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Happy Valley Residence by Lim+Lu

Set against the background of a densely populated Wan Chai, the story of a newly revamped Happy Valley Residence by architects, Lim + Lu unfolds.

Elaine Lu & Vincent Lim, Lim+Lu Elaine Lu & Vincent Lim, Lim+Lu

Densely populated, Wan Chai is one of the first areas developed in Hong Kong. With time, it is inevitable that many of the buildings would face a natural decay. Major gentrification efforts have been taking place in recent years and today, this area has seen a new light with an upper income residential profile that includes a mix of locals and expatriates.

Set against this background is the story of a newly revamped apartment by Architects, Lim + Lu. This apartment in Wan Chai doubles as their showroom. The young New York-born multidisciplinary design practice is keen to showcase the 1,200 square feet space that neighbours Happy Valley Racecourse as a reflection of their versatile and colourful design aesthetic.  

Born and raised in Hong Kong, Vincent Lim, co-founder and Creative Director of Lim + Lu studied and worked in New York. His co-founder and the Managing Director of the practice, Elaine Lu was born in China but raised in Atlanta. She studied and worked in New York. And having spent years abroad, both now find refuge in their new home in Hong Kong.

Colour Coordinated

Originally, the interior of the apartment has all the characteristics of a typical Hong Kong dwelling place – a long and narrow corridor that is void of light. This corridor services three bedrooms and distinctly demarcates spaces for the kitchen and living room. Almost everything has a tired and muted colour tone.

In efforts to revamp this traditional apartment, Lim + Lu decides to challenge the typology of the conventional apartment and the norm of labelling rooms. They are determined to keep the aesthetics of the place clean, fresh and sophisticated. Their first step is to consider how the modern-day individual uses the home. They understand that modern homeowners now have a need to be adaptable in multiple situations.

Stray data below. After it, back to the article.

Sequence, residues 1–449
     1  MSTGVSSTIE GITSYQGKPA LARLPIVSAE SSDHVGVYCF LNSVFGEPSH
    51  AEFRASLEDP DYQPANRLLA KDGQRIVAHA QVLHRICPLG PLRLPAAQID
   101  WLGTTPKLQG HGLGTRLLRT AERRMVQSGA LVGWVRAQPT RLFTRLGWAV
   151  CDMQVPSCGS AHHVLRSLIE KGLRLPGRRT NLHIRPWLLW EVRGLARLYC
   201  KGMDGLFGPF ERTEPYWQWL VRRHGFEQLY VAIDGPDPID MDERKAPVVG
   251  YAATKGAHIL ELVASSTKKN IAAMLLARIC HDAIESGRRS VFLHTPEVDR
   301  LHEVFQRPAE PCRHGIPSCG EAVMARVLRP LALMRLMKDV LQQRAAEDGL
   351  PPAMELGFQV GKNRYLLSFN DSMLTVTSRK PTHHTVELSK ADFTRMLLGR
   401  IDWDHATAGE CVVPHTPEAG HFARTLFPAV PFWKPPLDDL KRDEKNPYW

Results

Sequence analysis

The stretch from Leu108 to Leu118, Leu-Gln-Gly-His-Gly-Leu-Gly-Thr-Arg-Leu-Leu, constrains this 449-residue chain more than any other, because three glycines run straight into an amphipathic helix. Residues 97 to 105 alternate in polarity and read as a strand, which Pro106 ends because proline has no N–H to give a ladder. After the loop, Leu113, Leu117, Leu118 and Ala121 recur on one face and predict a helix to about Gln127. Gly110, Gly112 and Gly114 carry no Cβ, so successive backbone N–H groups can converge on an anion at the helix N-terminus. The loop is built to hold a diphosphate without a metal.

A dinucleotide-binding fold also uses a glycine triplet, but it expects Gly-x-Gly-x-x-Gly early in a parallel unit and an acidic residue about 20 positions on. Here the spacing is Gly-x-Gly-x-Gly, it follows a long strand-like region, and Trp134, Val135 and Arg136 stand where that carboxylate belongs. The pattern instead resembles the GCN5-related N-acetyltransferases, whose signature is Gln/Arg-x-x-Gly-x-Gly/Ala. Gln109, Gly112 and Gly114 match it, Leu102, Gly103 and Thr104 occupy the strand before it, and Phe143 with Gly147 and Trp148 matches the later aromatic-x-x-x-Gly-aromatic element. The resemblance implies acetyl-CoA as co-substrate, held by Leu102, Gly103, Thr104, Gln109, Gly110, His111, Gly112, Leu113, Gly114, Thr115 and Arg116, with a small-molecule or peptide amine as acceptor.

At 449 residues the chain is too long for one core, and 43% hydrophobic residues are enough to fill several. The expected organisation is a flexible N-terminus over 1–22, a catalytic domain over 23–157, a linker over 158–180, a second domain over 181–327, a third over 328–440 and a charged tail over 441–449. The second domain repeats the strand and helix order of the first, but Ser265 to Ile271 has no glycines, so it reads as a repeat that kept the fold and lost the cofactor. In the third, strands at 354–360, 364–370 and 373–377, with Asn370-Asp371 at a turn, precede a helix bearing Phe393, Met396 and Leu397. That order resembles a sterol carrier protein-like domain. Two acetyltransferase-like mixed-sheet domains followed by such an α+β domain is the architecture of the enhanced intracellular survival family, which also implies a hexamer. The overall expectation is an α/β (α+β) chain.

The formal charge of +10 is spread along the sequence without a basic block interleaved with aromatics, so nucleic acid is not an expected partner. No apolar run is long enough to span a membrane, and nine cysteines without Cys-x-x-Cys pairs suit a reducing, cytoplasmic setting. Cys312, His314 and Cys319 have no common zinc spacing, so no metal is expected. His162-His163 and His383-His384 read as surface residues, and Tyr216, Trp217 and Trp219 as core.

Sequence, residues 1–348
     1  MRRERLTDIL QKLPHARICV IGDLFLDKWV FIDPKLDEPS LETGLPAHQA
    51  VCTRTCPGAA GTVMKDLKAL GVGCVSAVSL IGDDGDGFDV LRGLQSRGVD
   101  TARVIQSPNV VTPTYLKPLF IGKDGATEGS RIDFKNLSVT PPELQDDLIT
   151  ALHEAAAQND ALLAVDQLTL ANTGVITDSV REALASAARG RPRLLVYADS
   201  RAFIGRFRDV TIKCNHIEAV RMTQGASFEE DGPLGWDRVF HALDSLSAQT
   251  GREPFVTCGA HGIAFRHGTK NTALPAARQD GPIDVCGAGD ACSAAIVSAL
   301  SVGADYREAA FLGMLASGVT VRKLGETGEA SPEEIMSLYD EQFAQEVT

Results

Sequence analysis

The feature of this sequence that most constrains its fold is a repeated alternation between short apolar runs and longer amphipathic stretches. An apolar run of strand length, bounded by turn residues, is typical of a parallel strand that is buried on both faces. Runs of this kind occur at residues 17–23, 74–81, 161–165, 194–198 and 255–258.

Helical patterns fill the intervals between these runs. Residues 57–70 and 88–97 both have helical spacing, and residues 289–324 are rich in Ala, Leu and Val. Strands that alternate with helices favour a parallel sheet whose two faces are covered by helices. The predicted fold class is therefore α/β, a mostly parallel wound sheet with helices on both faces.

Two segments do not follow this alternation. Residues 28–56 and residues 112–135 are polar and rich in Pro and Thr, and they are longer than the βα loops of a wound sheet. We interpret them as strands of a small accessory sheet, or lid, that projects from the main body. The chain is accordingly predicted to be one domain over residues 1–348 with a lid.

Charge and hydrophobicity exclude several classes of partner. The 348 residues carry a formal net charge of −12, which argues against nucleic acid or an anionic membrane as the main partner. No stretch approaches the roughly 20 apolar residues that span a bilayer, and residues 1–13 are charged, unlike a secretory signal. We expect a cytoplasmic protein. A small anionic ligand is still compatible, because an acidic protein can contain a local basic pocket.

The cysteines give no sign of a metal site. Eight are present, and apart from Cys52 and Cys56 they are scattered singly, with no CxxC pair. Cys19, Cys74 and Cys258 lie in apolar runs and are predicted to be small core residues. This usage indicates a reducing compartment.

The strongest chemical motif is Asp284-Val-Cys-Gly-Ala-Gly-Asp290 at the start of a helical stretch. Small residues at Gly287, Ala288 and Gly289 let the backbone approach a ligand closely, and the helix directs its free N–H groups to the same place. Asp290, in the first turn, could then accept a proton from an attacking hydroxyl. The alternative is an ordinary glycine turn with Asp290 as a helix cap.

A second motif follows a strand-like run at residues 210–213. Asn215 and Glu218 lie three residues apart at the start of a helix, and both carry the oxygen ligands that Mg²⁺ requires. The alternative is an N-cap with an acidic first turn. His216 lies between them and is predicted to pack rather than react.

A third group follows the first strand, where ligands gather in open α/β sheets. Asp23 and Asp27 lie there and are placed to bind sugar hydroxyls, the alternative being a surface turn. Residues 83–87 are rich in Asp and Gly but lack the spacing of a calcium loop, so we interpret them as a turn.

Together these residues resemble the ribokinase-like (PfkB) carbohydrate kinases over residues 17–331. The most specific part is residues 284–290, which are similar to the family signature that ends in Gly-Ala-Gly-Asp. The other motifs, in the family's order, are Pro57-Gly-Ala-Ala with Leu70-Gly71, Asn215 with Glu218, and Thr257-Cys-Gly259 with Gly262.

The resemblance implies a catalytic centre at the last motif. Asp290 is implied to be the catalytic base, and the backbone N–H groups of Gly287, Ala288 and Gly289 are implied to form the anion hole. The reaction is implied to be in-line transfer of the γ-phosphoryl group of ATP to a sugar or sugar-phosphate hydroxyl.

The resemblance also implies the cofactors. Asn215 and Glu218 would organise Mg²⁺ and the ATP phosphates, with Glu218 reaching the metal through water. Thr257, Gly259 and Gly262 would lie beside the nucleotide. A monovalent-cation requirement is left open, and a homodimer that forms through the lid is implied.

Translating this concept into what they want to create with the apartment, the designers come up with the idea to free up the space in the apartment and still maintain the option for privacy. The walls of the corridor now give way to a set of suspended glass, black powder coated stainless steel sliding doors. This immediately creates a flexible and adaptive living environment that better reflects the transient lifestyle of today’s city dwellers.

What was once the living room and bedroom now gives way to a unified, core living space that has continuous warm oak flooring. This helps to blur the boundary between the public and private spaces in this home. The walls of these spaces are painted white with black accents, signalling spaces of rest and relaxation.

An easy way out to maintain this apartment’s spatial continuity may have been to fall back on what is now the ubiquitous New York industrial style. Lim + Lu, however, choose to avoid this and deliberately pick hues that will inject fresh life into the space. The shape-shifting bedroom adjacent to the main living area now is adorned with a striking jade green drapery that allows it to be an extension to the living room space or enclosed as a guest bedroom. Colourful geometrical patterned tiles spruce up the space while pops of green, pink and turquoise appear vital in bringing out the cheerful essence of this space.


Personalised Spaces

The thresholds created by the subtle distinctions of colour, texture and material maintain a fluidity to allow the space to still blend effortlessly together as one and complement furniture pieces, which feature prominently throughout the space.

A handcrafted Lunar Mirror with two half swing doors that are fully collapsible on both sides, resembles the various phases of the moon. Lined in brass, the combination of black marble and vivid teal creates a resplendent feature in the vanity area. Despite spatial limitation, the space is completed with double washbasins and a pair of chic pendant lights.

The pastel upholstery that rests on seemingly dense brass blocks of a sofa, day bed and a pull out bed is a reflection of this colourful apartment, which juxtaposes and grounds the lightness of the space. In fact, the geometric daybed features a brass-finished base with a blue seat of the same height resting on top. A pink cylindrical pillow seductively carves into the seating block.

A Frame table acts as a scaffold that allows different components such as marble and wood panels, valet trays and magazine racks to latch onto it for a customised piece. The entire ideation complements the flexible and ever-changing way of today’s living and is designed with the user in mind.

The tagline Lim + Lu uses to promote such a piece is ‘Designed by us, personalised by you.’ 

A print version of this article was originally published in d+a issue 98.

Aneeta Sundararaj
Nirut Benjabanpot
25 August 2017